For more than 10 years I have been photographing daily life around me, trying to capture the heart of the peace processes and development efforts where I have been involved. I first began taking pictures at the age of 14; what begun as a hobby, quickly developed into a way of self-expression and a documentary process. In October 2017 I will begin a MA programme at the University of Arts of London in Documentary Photography and Photojournalism to continue honing my skills.
I understand "mapping" as a process to find out who is doing what and where, detecting patterns and visualising the relationships between people in conflict. It sounds simple enough, but in 5 years of direct involvement in different peace processes I have found this to be one of the biggest challenges for peacebuilders around the world. I work with programmers, developers, and data scientists to build tools that make this work easier.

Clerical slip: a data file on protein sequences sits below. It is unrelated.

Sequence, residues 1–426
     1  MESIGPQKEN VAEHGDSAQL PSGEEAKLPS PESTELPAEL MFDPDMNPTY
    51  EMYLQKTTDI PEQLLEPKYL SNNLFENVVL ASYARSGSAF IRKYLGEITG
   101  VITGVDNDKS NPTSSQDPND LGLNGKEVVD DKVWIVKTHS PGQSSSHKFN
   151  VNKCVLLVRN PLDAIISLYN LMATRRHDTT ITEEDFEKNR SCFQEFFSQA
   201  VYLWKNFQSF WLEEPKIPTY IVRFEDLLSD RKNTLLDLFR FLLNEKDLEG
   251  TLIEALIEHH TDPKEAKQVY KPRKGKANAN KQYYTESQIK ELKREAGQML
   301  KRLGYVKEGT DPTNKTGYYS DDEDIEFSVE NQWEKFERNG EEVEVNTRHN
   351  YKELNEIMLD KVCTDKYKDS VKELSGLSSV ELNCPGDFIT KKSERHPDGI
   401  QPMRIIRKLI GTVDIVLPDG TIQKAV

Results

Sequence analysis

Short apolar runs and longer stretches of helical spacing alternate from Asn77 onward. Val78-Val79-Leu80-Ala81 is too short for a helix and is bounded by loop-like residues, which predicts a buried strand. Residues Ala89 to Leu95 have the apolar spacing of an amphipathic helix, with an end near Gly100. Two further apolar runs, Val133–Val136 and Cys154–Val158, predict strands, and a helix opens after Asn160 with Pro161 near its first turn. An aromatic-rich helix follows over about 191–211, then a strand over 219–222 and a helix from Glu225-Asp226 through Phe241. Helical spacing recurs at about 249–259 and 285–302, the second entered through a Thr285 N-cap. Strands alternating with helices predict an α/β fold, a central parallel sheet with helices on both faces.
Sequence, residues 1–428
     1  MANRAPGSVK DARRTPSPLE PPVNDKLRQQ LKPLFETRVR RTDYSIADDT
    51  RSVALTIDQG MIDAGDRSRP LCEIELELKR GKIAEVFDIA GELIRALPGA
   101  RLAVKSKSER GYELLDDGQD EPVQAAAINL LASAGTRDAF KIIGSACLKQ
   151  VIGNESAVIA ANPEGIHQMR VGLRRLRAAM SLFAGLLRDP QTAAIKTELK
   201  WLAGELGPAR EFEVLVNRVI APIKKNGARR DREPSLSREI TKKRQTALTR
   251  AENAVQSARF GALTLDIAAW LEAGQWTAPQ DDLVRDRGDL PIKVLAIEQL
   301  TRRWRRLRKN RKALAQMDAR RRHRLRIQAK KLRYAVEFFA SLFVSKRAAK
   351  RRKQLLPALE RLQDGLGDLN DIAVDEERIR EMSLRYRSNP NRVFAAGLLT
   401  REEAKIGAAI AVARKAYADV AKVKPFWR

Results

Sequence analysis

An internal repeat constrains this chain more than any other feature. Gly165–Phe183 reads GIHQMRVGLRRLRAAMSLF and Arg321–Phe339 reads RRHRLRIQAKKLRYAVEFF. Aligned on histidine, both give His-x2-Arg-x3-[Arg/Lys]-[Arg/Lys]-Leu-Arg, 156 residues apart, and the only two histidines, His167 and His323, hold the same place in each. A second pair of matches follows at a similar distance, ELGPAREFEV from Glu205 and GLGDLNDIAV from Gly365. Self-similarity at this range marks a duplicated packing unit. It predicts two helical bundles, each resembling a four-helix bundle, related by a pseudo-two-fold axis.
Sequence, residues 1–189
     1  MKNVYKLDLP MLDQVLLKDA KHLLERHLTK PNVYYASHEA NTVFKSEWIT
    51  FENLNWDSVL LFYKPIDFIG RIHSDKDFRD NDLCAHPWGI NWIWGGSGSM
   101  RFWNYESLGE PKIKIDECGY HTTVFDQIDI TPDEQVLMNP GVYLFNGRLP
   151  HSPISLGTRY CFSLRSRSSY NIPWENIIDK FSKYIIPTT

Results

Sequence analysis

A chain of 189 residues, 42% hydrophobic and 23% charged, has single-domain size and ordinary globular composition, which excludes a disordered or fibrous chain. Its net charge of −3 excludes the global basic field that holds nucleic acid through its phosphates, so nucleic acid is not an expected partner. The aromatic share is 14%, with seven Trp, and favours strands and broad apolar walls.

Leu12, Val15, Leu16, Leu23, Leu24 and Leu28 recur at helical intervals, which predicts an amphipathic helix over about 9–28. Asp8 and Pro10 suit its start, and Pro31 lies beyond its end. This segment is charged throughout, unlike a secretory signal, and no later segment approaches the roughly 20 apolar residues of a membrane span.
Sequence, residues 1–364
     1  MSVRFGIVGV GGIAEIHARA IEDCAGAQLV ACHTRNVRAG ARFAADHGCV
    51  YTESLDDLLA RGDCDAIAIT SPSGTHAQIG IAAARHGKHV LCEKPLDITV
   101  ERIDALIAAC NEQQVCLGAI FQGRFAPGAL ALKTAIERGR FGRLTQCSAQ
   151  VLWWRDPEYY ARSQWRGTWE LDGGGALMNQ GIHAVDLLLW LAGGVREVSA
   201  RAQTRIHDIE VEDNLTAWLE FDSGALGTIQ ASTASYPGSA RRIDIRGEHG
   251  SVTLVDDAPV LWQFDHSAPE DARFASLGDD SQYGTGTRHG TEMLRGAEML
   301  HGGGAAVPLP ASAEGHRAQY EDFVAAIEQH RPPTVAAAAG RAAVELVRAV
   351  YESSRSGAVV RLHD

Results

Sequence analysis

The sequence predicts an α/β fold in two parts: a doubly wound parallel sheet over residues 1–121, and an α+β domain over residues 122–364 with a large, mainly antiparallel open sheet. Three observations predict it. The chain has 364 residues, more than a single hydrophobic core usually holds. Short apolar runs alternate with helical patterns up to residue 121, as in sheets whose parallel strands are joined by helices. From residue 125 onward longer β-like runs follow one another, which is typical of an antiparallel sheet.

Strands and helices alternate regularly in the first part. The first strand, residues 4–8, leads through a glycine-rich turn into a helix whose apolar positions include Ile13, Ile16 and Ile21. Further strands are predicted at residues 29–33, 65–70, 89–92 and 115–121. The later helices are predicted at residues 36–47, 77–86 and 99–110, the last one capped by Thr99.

The world of peace work is largely divided between those who work with local communities and those who work with political actors (the famous "tracks" of mediation and dialogue work). I believe more work needs to be done to blur this division. The first step: to make the language and the communications of peacebuilders clearer and accessible to all people affected by conflict. I help peacebuilders keep their language simple and reach as many people as possible using visual information and design.